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Kalia R.K.,Center for Plant Biotechnology | Kalia R.K.,University of California at Riverside | Rai M.K.,Center for Plant Biotechnology | Kalia S.,NRC on Plant Biotechnology | And 2 more authors.
Euphytica | Year: 2011

In recent years, molecular markers have been utilized for a variety of applications including examination of genetic relationships between individuals, mapping of useful genes, construction of linkage maps, marker assisted selections and backcrosses, population genetics and phylogenetic studies. Among the available molecular markers, microsatellites or simple sequence repeats (SSRs) which are tandem repeats of one to six nucleotide long DNA motifs, have gained considerable importance in plant genetics and breeding owing to many desirable genetic attributes including hypervariability, multiallelic nature, codominant inheritance, reproducibility, relative abundance, extensive genome coverage including organellar genomes, chromosome specific location and amenability to automation and high throughput genotyping. High degree of allelic variation revealed by microsatellite markers results from variation in number of repeat-motifs at a locus caused by replication slippage and/or unequal crossing-over during meiosis. In spite of limited understanding of the functions of the SSR motifs within the plant genes, SSRs are being widely utilized in plant genome analysis. Microsatellites can be developed directly from genomic DNA libraries or from libraries enriched for specific microsatellites. Alternatively, microsatellites can also be found by searching public databases such as GenBank and EMBL or through cross-species transferability. At present, EST databases are an important source of candidate genes, as these can generate markers directly associated with a trait of interest and may be transferable in close relative genera. A large number of SSR based techniques have been developed and a quantum of literature has accumulated regarding the applicability of SSRs in plant genetics and genomics. In this review we discuss the recent developments (last 4-5 years) made in plant genetics using SSR markers. © 2010 Springer Science+Business Media B.V. Source


Mittal A.,Kurukshetra University | Nagar S.,Kurukshetra University | Kansal R.,NRC on Plant Biotechnology | Gupta V.K.,Kurukshetra University
Indian Journal of Agricultural Biochemistry | Year: 2013

This work investigates the factors affecting the extraction of trypsin inhibitor from kidney bean (Phaseolus vulgaris) seeds. Trypsin inhibitor extracted with 0.1% NaCl rendered a higher recovery than other solvents. The extraction was also affected by pH and extraction time. It took 5 h for complete recovery of trypsin inhibitor activity. Response surface methodology was used to study the effect of temperature and pH with respect to time on the extraction of trypsin inhibitor. Statistical optimization studies revealed that trypsin inhibitor activity from kidney bean flour was stable to 60 °C for 52 min at neutral and acidic pH and labile under strong alkaline conditions. © 2013, Indian Society of Agricultural Biochemists. All rights reserved. Source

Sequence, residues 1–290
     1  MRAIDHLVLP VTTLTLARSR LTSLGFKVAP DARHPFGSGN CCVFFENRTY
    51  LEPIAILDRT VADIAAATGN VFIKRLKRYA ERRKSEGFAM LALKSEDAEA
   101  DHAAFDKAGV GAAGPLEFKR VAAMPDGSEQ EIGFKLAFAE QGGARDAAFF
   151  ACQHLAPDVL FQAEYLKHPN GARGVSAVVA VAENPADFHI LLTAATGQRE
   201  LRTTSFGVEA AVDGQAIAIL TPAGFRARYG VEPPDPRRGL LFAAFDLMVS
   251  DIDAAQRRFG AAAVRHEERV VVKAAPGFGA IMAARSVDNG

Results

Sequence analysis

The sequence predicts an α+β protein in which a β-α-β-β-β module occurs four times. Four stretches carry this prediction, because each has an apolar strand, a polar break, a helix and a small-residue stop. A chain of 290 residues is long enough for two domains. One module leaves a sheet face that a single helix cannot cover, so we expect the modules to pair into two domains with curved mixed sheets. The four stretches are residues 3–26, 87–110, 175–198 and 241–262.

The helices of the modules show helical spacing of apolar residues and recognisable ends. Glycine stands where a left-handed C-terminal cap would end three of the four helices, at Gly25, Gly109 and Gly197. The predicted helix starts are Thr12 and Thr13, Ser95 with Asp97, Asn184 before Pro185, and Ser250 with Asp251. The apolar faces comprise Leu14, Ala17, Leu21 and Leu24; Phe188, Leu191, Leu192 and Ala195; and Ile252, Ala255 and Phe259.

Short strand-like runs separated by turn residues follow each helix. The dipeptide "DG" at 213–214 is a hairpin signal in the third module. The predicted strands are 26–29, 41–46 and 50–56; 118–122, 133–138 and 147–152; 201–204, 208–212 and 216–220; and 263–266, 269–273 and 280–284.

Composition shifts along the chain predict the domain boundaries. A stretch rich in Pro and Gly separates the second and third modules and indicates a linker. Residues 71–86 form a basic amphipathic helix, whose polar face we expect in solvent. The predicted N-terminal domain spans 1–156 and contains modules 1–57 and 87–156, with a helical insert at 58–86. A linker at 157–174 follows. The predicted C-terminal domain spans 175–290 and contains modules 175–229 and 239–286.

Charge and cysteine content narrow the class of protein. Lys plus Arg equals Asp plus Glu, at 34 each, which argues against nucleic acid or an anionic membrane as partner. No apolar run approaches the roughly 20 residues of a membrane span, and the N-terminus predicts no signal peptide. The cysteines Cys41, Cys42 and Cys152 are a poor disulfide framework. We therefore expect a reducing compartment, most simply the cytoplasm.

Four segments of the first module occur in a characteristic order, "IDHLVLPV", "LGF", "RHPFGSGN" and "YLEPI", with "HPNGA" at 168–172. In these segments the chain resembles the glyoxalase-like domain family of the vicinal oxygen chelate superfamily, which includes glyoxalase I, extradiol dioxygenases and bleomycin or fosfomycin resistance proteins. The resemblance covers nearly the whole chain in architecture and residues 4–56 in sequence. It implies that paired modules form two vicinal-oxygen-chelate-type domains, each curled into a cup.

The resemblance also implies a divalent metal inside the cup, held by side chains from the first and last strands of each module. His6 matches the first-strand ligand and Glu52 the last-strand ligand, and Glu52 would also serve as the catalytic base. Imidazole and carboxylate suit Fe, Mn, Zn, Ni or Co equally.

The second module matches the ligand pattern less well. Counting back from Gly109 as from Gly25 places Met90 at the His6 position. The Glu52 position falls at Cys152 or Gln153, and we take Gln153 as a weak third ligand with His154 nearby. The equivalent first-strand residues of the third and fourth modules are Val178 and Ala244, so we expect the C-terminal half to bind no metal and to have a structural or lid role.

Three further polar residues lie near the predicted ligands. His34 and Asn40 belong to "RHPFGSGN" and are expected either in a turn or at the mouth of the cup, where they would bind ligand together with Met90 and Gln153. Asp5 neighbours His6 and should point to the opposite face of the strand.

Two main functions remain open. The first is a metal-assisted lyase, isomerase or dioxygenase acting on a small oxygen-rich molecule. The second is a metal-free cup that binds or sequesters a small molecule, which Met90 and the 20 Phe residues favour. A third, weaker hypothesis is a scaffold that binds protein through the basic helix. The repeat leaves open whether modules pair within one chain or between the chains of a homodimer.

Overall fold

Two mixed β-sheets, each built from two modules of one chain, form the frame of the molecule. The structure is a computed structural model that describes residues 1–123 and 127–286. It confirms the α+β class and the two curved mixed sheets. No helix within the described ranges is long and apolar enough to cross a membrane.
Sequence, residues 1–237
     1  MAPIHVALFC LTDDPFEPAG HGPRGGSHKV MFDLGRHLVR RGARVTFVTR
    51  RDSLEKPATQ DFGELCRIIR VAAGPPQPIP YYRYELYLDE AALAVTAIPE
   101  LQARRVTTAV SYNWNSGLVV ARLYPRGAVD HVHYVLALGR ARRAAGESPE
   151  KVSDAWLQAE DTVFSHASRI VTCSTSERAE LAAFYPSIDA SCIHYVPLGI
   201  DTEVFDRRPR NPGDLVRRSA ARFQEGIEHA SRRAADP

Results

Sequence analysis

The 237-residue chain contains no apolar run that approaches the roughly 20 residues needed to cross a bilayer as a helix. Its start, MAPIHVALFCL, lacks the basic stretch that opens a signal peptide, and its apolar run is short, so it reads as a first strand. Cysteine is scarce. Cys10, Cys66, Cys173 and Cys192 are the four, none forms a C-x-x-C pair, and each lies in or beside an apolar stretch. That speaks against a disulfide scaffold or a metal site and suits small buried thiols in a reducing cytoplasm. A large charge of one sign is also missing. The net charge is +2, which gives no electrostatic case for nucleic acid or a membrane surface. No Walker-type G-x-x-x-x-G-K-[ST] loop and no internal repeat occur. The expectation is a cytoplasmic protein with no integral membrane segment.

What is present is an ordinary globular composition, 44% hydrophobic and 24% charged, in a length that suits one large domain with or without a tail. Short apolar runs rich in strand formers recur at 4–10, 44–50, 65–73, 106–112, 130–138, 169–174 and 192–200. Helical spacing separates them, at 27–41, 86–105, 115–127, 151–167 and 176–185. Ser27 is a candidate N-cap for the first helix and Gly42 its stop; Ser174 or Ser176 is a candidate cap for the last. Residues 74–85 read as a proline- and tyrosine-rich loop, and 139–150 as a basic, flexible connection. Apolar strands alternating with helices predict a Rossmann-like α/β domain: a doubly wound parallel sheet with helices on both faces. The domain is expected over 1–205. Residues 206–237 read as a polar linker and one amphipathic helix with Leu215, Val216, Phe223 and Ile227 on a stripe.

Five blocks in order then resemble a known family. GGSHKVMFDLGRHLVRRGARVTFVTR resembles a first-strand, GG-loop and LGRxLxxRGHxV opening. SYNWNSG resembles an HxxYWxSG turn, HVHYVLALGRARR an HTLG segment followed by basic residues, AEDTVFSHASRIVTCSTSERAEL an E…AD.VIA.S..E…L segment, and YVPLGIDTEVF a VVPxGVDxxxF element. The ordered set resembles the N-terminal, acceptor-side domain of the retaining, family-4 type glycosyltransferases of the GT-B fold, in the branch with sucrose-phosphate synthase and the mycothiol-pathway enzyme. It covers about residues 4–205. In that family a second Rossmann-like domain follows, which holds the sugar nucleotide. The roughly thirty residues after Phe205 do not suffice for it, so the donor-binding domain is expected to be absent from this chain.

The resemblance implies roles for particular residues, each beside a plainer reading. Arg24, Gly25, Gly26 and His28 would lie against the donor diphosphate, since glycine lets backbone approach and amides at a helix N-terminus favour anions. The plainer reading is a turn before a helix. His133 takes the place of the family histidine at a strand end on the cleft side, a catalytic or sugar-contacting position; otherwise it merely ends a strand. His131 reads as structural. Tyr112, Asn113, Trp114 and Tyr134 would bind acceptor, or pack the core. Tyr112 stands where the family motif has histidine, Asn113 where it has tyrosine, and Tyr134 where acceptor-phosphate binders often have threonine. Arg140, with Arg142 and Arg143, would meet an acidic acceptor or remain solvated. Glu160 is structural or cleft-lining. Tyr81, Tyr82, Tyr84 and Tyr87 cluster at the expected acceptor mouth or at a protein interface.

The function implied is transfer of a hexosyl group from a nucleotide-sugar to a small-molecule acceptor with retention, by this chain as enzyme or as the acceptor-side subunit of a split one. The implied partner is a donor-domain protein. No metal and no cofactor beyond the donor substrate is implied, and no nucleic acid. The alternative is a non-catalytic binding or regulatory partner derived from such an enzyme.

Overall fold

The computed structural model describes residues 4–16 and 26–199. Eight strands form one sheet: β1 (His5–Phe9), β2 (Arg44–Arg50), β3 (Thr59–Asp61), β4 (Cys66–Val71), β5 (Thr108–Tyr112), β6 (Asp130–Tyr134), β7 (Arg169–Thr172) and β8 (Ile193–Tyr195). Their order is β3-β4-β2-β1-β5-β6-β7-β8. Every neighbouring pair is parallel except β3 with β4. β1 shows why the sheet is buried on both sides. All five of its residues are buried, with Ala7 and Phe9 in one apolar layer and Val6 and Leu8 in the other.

Lochab S.,Guru Gobind Singh Indraprastha University | Kumar P.A.,NRC on Plant Biotechnology | Raghuram N.,Guru Gobind Singh Indraprastha University
Archives of Microbiology | Year: 2014

The nitrate assimilation pathway and its regulation in the high-protein neutraceutical cyanobacterium, Arthrospira (Spirulina), were studied. A complete characterization of the genes of the nitrate uptake and assimilatory pathway in Arthrospira platensis strain PCC 7345 was done including cloning, sequencing, phylogenetic analysis and expression studies. Genomic localization studies revealed that their clustering is different from the operons known in other cyanobacteria; only nrtP and narB are organized together, while nirA, glnA and gltS exist in separate genomic locations. The presence of both types of nitrate transporters (nrtP/ABC types) in A. platensis is rare, as their occurrence is usually specific to marine and freshwater microorganisms, respectively. The positive effect of nitrate on transcript accumulation of narB, nirA and nrtP genes in N-depleted and N-restored cultures confirmed nitrate induction, which is abolished by the addition of ammonium ions into the medium. Gene expression studies in response to nitrate, nitrite, ammonium and glutamine provided the first evidence of differential regulation of multiple genes of nitrate assimilatory pathway in Arthrospira. © 2014 Springer-Verlag. Source